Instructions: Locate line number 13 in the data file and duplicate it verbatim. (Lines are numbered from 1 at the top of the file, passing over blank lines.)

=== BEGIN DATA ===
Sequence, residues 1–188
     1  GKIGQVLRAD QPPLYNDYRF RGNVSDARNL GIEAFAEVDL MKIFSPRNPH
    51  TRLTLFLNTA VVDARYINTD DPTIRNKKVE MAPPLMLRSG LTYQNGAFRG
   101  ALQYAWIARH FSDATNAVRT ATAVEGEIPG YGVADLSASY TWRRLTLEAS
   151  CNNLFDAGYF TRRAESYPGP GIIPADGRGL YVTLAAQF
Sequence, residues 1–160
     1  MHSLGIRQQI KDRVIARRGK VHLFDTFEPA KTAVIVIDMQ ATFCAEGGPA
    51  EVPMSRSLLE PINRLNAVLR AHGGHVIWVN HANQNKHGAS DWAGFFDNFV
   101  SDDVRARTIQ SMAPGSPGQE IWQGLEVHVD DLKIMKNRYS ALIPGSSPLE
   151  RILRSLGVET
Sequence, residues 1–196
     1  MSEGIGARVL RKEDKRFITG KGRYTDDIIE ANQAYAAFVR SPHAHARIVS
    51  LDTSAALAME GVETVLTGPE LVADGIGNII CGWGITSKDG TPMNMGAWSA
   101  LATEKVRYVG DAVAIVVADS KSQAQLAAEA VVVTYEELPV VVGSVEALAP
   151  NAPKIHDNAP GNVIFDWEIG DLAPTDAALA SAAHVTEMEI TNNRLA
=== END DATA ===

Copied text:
    51  LDTSAALAME GVETVLTGPE LVADGIGNII CGWGITSKDG TPMNMGAWSA